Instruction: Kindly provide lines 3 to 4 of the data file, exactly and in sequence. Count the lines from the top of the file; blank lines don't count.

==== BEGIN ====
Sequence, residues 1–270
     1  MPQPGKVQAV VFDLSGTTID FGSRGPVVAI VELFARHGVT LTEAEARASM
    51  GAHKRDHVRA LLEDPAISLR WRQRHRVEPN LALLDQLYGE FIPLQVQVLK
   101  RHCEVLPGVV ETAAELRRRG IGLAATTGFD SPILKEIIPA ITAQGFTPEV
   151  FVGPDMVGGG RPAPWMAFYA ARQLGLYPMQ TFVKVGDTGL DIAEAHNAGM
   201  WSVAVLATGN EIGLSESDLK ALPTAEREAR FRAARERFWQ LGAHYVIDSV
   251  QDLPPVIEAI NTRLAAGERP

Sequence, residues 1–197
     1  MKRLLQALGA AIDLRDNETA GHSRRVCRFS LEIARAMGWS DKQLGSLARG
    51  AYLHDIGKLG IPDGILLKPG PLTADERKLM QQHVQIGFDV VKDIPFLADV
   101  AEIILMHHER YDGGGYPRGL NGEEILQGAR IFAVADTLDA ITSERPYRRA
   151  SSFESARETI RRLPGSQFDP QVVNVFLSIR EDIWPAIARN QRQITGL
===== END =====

    51  GAHKRDHVRA LLEDPAISLR WRQRHRVEPN LALLDQLYGE FIPLQVQVLK
   101  RHCEVLPGVV ETAAELRRRG IGLAATTGFD SPILKEIIPA ITAQGFTPEV